Alan Ashton co-founded the word processing application Wordperfect in 1979 and then sold the multi-million dollar business to another software company in 1994, allowing his wife Karen and himself to establish Thanksgiving Point shortly after the sale was completed.
Located in Lehi, to the south of Salt Lake City, this garden and museum complex – featuring the Museum of Natural Curiosity and the Museum of Ancient Life – includes a Johnny Miller-designed course which weaves its way around several of the attractions on the property.
Measuring 7,714 yards from the back tees and occupying an area of two hundred acres, the course at Thanksgiving Point comprises the largest public golf facility in the state of Utah, with fairways laid out on either side of the Jordan River as it flows towards Great Salt Lake.
Highlight holes include the 495-yard 6th, where the fairway is flanked by gated gardens to the left and the river on the right; the 678-yard 11th, requiring an intimidating long carry over water off the tee; and the 250-yard 17th, where a tight bend in the river forms a peninsula green site for this par three.
If I could describe Thanksgiving Point in one word, that would be this: Hard. It is has the highest difficulty rating of any public course in Utah, and it delivers that challenge in spades. This isn't really a course with any particularly great views, just a raw challenge with some great craftsmanship to go with. There's a reason it's been used to host pro events. Playing your recommended tees for your skill level is highly recommended on this course, as overconfident players will quickly regret it otherwise, and I speak from experience.
The course's front 9 is best viewed as a warmup. Starting with a some rather short holes that do a good job easing a player into the course. Then the real challenge starts to kick in with the longer par 5 on hole 5, but still nothing too punishing so long as you hit accurately.
The back 9 starts innocently enough with a moderately long par 4. But from then on, the kiddie gloves are off starting with one of the longest par 5s in Utah. These holes will crush the overconfident player teeing too far back, and still pose a serious challenge even if they aren't. Accuracy is an especially high premium here.
-3rd: A driveable par 4, it also boasts the bizarre spectacle of a drive-through bunker, the only part you can drive a cart on this hole. Stay away from the big bunker on the left and a good score can be achieved.
-4th (pictured): A downhill par 3, use a club less than the yardage suggests. Getting a par becomes a serious challenge if missing the green to the left.
-14th: A tight dogleg left par 5, it provides a solid risk-reward proposition to the long-hitter. Try to cut off a big chunk of the dogleg for a potential chance to reach the green in 2? Or play it safe and go for it in 3? Just be sure to stay out of the water, or else you're in for a very bad time on this hole.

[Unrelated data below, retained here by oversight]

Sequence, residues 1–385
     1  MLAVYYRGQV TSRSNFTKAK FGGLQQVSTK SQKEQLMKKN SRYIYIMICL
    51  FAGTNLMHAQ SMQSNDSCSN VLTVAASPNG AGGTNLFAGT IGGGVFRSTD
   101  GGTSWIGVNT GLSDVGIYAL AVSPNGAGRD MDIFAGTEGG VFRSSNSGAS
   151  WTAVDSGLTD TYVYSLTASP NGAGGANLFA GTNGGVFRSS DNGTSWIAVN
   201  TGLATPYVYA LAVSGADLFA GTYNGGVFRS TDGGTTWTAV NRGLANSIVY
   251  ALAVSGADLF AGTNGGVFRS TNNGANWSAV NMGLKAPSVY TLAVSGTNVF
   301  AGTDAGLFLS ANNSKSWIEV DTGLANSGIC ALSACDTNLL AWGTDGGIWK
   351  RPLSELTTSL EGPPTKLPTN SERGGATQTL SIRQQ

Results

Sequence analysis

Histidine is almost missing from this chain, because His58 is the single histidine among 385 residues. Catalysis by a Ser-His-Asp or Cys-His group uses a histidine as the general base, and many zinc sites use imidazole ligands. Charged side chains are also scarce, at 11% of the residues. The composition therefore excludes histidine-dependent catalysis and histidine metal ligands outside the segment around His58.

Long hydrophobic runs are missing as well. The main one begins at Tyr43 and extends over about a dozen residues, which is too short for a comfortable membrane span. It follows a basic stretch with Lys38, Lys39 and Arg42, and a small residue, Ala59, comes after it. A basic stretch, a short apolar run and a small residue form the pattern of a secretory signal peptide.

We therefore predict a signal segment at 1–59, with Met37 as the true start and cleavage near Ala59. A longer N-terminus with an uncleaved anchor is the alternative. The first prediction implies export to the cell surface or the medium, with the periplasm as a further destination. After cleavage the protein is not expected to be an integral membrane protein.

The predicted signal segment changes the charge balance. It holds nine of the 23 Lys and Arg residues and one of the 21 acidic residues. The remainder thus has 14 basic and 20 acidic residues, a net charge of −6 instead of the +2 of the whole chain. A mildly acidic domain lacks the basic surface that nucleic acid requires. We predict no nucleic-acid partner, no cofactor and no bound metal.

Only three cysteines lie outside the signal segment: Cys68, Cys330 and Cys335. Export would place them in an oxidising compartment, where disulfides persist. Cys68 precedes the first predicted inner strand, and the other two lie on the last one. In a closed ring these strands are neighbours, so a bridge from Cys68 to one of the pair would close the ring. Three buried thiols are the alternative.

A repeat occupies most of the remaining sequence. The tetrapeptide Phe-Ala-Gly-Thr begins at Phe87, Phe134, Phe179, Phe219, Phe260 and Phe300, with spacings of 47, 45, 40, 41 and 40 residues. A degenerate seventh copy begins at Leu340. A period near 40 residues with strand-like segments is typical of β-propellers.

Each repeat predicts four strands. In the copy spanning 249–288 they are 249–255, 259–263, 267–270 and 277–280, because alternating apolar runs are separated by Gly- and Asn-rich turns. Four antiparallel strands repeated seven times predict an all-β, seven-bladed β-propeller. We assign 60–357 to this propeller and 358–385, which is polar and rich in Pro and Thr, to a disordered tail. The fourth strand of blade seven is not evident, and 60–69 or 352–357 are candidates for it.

-17th: The longest par 3 of the course, downhill, and covered with water on both sides. Pick your club wisely, because this hole gives a lot room to hook or slice, but very little for hitting short or long.
Thanksgiving Point isn't for everyone, those looking for a nice, easy, and forgiving round won't find one here. This is for the players who want, or can at least accept, a good challenge. If that's what you're looking for, then Thanksgiving Point won't disappoint. Whether a player comes out humbled or plays the round of their life, it's a great taste of the kind of challenging layout that is the day job of the professional golfer.
When I first played the course just a year or two following its opening -- one could not play on Sundays because of the Mormon connection with the ownership. That has since changed.
The Johnny Miller design starts out rather tamely but matters intensify once you reach the midway point of the outward side. If the prevailing wind is blowing from the southwest -- you can expect the par-5 5th at 617 yards to play very long. The same can be said of the remaining four holes on the front side.
The inward side is even longer than the front and it takes a quality tee game in order to have an opportunity in scoring. Be sure to choose your tee location wisely.
The main drawback with the course is that the holes follow a south / north and north / south direction. There's also very little in terms of finesses holes that would really add to the mixture of the holes. The quality short par-4 3rd just comes too soon into the round and is quickly in one's rear view mirror.
Wind velocities can also wreak havoc as there's no real trees to block whatever breeze is blowing that day. The greens are a good mixture but it would have been a real plus to see a richer depth of contours calling upon one's approach play to be a bit more precise.
As mentioned earlier, Thanksgiving Point requires a quality game and the holes are very good on the whole. The missing element comes from having a gifted architect at a slightly higher level providing the remaining design elements with a better mixture of holes and design details that showcase the putting surfaces beyond being more than rudimentary end points for one's approaches. Nonetheless, for those who venture to Salt Lake City it's well worth scheduling a visit and seeing firsthand.
M. James Ward